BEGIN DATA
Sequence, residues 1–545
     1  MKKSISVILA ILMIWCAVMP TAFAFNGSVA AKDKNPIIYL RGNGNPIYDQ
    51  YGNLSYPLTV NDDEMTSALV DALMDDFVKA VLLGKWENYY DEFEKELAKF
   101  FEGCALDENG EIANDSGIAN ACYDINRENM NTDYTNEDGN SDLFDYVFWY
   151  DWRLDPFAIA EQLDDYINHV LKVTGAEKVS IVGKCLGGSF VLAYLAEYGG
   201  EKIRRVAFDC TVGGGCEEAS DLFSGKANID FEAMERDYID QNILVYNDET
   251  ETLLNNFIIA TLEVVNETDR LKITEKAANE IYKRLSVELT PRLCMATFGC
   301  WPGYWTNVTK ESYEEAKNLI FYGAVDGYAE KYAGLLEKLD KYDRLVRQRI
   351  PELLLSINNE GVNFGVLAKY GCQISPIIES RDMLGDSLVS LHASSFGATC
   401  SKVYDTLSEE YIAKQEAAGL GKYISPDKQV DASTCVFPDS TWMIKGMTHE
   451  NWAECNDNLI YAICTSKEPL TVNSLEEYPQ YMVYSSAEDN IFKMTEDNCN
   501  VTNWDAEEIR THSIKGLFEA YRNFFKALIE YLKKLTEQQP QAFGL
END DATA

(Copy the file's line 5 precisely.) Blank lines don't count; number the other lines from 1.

   151  DWRLDPFAIA EQLDDYINHV LKVTGAEKVS IVGKCLGGSF VLAYLAEYGG